* Glencore shares rally after Citi affirms buy rating
* Little upside for nickel prices in 2015 on stock overhang -ANZ
* Coming up: EZ Markit mfg final PMI at 0800 GMT (Adds comment, detail; updates prices)
By Melanie Burton
MELBOURNE, Oct 1 (Reuters) - London copper climbed on Thursday as a gauge of China’s factory activity showed the country’s economy deteriorating in September, sparking short-covering in holiday-thinned trade.
Factories in Asia cut more jobs and throttled back output in September as domestic and export demand shrivelled, adding to fears that cooling growth in China and emerging markets will jeopardize an increasingly fragile global recovery.
China’s factory activity fell to a more-than-6-year low in September while growth in the once-resilient services sector came close to stalling, fueling fears that the economy may be slowing more sharply than expected.
Traders are now pinning their hopes on sector-specific stimulus from Chinese authorities to shore up its manufacturing, after investors took heart from a rash of measures announced this week targeting the auto sector.
Three-month copper on the London Metal Exchange had climbed 1 percent to $5,211.50 per tonne by 0730 GMT, amid light short-covering that sent prices to the highest in more than a week.
Prices jumped 3.8 percent on Wednesday as investors closed bearish positions, but still ended the quarter with a loss of 10.5 percent - their weakest quarterly performance in more than two years.
“Expect nothing. The Chinese don’t even know what to expect for the fourth quarter,” said a trader in Singapore.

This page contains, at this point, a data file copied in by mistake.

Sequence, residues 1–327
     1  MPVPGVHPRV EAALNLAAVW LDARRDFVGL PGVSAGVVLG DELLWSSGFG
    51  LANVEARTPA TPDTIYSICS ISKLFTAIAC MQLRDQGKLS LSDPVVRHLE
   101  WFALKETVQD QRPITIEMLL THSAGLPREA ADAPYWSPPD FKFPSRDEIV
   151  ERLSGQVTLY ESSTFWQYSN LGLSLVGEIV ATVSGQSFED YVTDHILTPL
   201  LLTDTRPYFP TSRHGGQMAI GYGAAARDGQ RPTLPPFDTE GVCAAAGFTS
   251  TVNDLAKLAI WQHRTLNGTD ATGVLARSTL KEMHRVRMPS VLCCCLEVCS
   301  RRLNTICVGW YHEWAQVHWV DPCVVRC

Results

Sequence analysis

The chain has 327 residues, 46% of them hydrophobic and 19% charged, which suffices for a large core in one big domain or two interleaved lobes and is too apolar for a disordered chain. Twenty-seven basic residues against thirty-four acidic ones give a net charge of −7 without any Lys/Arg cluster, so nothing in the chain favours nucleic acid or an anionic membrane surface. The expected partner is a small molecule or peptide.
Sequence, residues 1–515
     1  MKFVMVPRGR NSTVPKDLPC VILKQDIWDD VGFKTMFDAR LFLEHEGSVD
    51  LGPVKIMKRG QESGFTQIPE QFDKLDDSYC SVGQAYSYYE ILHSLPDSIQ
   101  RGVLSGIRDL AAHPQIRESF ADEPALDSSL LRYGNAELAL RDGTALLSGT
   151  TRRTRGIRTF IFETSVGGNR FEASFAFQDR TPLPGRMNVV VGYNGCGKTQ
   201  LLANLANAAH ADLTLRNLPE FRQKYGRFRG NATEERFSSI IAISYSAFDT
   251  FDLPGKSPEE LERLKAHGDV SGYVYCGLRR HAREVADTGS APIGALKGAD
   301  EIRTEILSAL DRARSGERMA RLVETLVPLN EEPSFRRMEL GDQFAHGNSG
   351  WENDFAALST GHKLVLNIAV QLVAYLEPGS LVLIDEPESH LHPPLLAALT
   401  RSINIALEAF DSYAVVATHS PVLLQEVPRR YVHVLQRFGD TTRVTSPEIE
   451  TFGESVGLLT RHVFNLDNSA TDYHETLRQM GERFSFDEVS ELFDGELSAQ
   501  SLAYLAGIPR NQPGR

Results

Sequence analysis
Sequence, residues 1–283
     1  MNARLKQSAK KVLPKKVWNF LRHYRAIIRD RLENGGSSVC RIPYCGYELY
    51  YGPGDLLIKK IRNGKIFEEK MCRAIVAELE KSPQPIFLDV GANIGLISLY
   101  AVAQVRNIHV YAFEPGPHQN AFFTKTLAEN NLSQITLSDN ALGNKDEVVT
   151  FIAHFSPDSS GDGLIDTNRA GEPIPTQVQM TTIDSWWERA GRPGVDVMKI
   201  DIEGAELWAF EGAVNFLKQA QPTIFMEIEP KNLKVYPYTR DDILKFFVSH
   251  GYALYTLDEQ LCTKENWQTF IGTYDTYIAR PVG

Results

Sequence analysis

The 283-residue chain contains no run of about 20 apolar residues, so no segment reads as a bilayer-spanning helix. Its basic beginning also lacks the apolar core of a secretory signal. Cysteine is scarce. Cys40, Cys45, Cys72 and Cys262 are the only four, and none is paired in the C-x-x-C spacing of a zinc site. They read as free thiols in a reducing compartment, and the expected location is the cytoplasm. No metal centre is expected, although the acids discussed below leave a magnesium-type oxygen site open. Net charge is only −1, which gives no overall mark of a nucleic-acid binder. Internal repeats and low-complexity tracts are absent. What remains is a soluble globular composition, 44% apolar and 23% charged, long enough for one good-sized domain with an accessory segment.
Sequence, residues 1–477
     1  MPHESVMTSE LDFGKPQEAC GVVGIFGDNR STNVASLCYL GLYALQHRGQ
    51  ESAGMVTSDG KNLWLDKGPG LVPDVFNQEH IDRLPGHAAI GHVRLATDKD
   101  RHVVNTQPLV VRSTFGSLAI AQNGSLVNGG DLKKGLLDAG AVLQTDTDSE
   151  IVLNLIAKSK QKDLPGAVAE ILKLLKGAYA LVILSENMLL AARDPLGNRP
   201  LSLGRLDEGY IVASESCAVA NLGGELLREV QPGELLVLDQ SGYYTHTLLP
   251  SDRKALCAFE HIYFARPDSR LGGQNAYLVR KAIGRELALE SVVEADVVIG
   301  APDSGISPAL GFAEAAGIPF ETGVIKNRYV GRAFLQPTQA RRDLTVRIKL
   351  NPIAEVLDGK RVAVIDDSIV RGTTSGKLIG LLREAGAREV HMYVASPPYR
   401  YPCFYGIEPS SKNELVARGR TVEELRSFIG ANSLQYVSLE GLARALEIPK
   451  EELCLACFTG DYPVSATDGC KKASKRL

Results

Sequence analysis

The Shanghai Futures Exchange was closed on Thursday for a week of national holidays.
Japanese big manufacturers’ confidence worsened in the three months to September and companies were cautious on the outlook, a central bank survey showed, as they felt the pinch from volatile financial markets and slumping shipments to China.
Reviving sentiment towards base metals, Glencore’s shares surged more than 7 percent after broker Citi retained a buy rating, saying the company could cover its debts.
Meanwhile, the LME moved on Wednesday to tackle concerns about the potential abuse of its proposed queue-based rent capping (QBRC) rules by metal owners to get free storage at LME-registered warehouses.
Japan’s aluminium premiums for October-December shipments were set at $90 per tonne, down for a third straight quarter due to higher domestic inventories and weaker overseas rates, five sources directly involved in the talks said on Wednesday.
China appears to be taking advantage of low nickel prices and high inventories to restock, said ANZ in a note. The bank sees global stockpiles at more than 1 million tonnes due to weak demand and a lack of producer discipline.
“The scenario of a looming deficit in 2016 supporting prices looks unlikely ... we now expect little upside in prices in 2015.”
LME nickel prices have shed 31.5 percent this year, standing around $10,370 a tonne on Thursday.
Three month LME copper
Most active ShFE copper
Three month LME aluminium
Most active ShFE aluminium
Three month LME zinc
Most active ShFE zinc
Three month LME lead
Most active ShFE lead
Three month LME nickel
Most active ShFE nickel
Three month LME tin
Most active ShFE tin
Reporting by Melanie Burton; Editing by Joseph Radford and Sunil Nair